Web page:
Yugoslavia: Development and Persistence of the State

  • Sharon Zukin
Part of the St Antony’s/Macmillan Series book series


Any discussion of the state in Yugoslavia is forced to confront several seemingly insurmountable obstacles: the lack of a coherent general definition of the state, the contradiction in all socialist societies between a basic assumption of ‘withering away’ and a continuous governing apparatus, and the striking differences between Yugoslavia and other ‘socialist’ states. Because criteria for comparison usually derive from Soviet practice, the sine qua non of such a state is taken to be a centralised authority, especially in managing the economy, and a monopoly of political initiative in communist party hands. At first glance, the centrifugal nature of political relations in Yugoslavia, as well as a diffusion of effective social control, constitute a departure from this model. But in reality, the Yugoslav leaders’ attempts to respond to domestic and foreign pressures merely modify the concept of a ‘socialist state’. The series of strategic choices the leaders made, or were forced to make, between 1945 and 1950 negated the only models of state power that they knew — the interwar monarchy and the Soviet Union — and slowly led to a series of innovations. In particular, the leaders’ decision to withdraw from direct state management of both the economy and the society created two decisive shifts. First, despite a system founded on ‘social ownership’, it moved the locus of administrative control to regional, especially republican, political leaderships.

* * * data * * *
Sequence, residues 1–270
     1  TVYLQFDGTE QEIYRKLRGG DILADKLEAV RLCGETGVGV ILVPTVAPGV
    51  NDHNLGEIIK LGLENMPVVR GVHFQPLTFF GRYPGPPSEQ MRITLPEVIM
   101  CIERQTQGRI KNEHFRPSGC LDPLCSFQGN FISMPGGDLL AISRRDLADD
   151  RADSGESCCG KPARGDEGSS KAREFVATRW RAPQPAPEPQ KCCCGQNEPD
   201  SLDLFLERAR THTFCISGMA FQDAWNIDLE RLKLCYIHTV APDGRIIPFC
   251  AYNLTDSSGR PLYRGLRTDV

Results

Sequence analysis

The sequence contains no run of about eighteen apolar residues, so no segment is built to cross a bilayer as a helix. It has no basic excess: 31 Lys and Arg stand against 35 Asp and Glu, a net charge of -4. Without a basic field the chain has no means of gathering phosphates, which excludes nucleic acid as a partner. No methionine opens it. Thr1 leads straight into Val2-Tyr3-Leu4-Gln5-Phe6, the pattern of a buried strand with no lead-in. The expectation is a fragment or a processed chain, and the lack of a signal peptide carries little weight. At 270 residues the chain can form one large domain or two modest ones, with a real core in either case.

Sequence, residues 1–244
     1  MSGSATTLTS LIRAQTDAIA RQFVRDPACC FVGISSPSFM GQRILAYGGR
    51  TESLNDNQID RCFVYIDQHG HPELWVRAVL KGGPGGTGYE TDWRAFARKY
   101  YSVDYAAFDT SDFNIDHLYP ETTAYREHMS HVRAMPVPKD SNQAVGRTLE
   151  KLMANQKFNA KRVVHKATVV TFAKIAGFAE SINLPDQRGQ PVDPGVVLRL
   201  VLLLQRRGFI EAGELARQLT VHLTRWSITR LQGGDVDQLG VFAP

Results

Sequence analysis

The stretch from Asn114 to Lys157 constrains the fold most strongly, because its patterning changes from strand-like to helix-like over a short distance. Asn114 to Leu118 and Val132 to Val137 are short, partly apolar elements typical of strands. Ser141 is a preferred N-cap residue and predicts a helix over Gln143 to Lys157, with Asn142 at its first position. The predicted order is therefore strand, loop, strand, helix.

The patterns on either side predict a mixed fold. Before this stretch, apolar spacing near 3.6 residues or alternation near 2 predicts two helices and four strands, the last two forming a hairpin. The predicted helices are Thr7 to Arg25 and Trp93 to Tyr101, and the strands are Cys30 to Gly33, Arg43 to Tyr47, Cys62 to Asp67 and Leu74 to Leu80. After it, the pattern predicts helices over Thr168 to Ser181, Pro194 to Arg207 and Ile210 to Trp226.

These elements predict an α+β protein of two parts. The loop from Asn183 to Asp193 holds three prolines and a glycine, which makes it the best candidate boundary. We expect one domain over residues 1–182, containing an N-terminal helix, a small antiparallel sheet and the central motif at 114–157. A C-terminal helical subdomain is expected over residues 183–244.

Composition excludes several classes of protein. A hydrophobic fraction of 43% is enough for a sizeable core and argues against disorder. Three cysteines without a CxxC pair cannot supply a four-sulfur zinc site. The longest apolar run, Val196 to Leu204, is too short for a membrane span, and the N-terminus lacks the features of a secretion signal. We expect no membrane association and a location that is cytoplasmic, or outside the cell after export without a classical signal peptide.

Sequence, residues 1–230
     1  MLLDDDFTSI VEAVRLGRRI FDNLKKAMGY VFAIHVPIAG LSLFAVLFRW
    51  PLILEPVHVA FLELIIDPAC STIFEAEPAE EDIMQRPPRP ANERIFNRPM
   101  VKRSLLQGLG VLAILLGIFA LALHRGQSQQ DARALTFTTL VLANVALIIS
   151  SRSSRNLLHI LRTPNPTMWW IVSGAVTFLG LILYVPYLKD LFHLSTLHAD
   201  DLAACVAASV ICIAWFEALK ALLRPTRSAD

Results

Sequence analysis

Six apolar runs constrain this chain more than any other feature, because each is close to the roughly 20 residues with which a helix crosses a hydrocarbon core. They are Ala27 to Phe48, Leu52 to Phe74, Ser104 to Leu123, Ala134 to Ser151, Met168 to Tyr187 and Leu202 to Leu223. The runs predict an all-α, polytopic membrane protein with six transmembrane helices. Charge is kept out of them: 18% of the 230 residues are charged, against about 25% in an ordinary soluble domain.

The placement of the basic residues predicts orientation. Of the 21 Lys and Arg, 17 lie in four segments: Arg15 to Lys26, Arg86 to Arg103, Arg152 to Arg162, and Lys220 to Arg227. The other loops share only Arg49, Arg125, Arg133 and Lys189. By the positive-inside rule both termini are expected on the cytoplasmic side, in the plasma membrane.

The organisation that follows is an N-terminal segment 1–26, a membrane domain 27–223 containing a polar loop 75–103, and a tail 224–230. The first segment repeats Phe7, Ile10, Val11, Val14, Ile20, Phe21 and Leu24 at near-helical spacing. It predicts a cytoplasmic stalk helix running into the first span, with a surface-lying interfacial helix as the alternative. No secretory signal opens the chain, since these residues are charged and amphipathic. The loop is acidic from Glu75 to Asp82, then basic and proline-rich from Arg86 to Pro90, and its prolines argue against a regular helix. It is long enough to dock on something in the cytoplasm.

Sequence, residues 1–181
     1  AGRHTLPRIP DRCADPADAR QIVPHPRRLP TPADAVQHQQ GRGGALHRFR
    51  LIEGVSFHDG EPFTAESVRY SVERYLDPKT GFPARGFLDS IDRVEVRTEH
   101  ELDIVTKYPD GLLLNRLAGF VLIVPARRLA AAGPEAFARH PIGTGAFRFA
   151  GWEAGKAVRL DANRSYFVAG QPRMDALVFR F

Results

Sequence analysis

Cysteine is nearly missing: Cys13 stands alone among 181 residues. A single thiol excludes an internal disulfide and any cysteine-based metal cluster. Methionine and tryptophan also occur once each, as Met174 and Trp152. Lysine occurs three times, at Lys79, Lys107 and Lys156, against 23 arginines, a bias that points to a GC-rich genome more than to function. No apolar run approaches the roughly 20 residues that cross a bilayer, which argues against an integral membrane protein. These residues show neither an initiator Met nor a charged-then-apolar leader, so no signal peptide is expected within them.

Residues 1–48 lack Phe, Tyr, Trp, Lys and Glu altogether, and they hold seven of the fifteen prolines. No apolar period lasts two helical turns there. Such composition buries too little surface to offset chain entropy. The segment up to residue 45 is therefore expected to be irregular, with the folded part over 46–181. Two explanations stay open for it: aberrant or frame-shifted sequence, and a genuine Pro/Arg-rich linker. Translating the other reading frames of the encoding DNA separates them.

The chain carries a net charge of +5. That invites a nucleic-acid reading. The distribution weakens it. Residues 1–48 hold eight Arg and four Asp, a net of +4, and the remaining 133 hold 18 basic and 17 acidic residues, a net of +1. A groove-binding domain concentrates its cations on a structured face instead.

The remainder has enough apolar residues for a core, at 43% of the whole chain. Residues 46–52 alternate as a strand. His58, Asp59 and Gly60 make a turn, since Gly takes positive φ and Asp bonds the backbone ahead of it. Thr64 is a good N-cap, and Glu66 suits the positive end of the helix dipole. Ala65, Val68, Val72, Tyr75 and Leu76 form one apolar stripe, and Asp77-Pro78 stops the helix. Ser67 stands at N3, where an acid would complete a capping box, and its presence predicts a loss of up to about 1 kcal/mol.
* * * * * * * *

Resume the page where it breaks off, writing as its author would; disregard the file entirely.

Political System State Apparatus Party Member Interest Community Socialist Society 
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  1. 1.
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© St Antony’s College, Oxford 1984

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  • Sharon Zukin

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